Part 1 here.
Part 2 here
Freedom to innovate.
Ability to be more nimble.
Unique state personalities.
“Laboratories of Innovation”
The 10th Amendment.
When I’ve asked those who are staunchly against the idea one set of standards or read their writing, there’s generally a pattern. If the person has identified as against a particular set of standards, the response is generally about how horrible, terrible that particular set of standards is.* If not, the response tends to be around the reasons listed above. My take away from these conversations and readings is that if each state is allowed to develop their own content standards, then they’ll be able to experiment with new ideas and meet the unique needs of their students. I disagree.
My claim: One country with one set of learning standards helps increase educational innovation.
If you haven’t heard her name yet, I’d like to introduce you to Frances Tariga Weshnak. She’s a chef and all-around badass. She speaks multiple languages and forged a life for herself after her father kicked her out as a teenager. Right now, she’s a part of Top Chef Season 13 but I first saw her on Chopped and Cutthroat Kitchen.
Alas, last week Frances was asked to pack her knives and leave Top Chef. She knew it was coming as soon as time was called and when she presented her dish, my husband and I commented on the difference between this chef and the one we saw on the other shows. Granted, editing may have a great deal to do with but I’d like to use Frances to support my claim that having fewer options can make us more creative.
On Chopped, chefs are given four ingredients and a pantry. Frances was amazing. She was confident, assertive, and a problem-solver.
On Cutthroat Kitchen, chefs are given a dish to cook and access to a pantry for 1 minute. Frances excelled. She dealt with any sabotages thrown her way and served up three great dishes.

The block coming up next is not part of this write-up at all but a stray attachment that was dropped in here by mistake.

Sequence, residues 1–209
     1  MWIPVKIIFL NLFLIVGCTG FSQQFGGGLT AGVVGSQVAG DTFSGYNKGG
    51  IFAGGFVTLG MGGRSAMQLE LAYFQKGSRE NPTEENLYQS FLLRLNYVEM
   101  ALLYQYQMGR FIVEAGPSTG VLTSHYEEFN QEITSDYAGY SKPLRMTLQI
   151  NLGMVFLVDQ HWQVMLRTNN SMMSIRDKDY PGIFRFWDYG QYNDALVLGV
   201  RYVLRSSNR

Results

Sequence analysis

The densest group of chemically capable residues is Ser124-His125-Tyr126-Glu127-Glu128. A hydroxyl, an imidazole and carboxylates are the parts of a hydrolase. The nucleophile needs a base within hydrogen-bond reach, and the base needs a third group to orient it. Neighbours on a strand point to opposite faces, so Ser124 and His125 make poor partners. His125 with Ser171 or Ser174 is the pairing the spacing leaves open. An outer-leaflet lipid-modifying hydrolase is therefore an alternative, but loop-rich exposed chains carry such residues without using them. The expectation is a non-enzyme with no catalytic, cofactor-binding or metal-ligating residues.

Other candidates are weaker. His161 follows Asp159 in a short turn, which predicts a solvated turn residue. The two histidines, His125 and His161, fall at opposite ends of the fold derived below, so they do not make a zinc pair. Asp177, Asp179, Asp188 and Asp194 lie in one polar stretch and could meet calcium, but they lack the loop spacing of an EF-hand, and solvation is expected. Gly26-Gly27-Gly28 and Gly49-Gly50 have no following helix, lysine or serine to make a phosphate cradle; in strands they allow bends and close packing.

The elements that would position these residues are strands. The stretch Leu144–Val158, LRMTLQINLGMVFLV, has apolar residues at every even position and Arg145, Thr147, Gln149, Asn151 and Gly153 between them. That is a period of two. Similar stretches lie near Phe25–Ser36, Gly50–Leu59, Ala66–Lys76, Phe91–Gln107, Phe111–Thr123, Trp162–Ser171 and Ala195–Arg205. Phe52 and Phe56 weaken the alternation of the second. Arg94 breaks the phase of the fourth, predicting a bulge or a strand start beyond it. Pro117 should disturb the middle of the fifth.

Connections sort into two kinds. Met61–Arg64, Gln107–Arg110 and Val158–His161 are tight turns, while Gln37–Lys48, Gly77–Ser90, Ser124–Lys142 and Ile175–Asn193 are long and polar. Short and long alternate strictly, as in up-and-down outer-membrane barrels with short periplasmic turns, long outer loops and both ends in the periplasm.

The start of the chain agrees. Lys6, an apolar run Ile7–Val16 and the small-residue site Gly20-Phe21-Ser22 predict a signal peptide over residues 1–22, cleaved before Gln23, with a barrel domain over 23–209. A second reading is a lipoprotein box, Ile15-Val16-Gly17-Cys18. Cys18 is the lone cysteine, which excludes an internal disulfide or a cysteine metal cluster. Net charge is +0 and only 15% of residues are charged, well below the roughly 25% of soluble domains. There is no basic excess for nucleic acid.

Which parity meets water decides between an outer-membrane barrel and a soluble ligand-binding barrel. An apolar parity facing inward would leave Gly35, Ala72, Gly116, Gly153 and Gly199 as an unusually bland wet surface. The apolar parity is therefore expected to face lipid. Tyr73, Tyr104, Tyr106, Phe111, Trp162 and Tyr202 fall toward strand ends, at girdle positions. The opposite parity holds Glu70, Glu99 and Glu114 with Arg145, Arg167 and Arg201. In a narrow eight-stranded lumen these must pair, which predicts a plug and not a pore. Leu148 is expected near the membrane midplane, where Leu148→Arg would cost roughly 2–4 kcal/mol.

On Top Chef, chefs are given a meal theme and access to a grocery store and a budget. Frances floundered. She kept changing her mind, substituting ingredients, and doubting herself. She appeared to spend so long figuring how to start, she didn’t have enough time to ensure it was a quality dish.
The sheer number of decisions that teachers have to make is astounding. What resources to use, which instructional strategies to use when, which is the right way to frame a question, how to best capture evidence of student learning through assessment, when to push, when to hold back. How to make content relevant for each and every child. If teachers start with the same standards – the grains of sand that make up the castle of a child’s education – it is easier to share resources, it is easier to share lessons from experimentation, it’s easier to focus on what matters. Kate, a math educator, made a similar point as a comment on Part 2.
With a shared set of standards, teachers at least have a shared, specific starting point. When innovation happens, there’s one less variable that has to be eliminated in order to figure out what made the innovation successful. With 50 sets of standards, the starting point is “Math” or “Science.” Finland, a country held up as an example by some of the same people who cite the reasons at the top of this blog, has national standards. New Zealand, a personal favorite of mine in terms of culturally competent ed and quality assessment practices, has national standards. For me, this really goes back to the issue of 50 states or one country. Do we want innovation to stay locked at the state level or do we want it to go national?
*Most people tend to hate on the Common Core when it comes to “one set of standards.” It’s worth noting that the following content areas have national standards, and in some cases have had them for years:
The National Council of Teachers of English has their own philosophy set of standards around reading and writing English
Ready for Part 4, the conclusion? Have at it!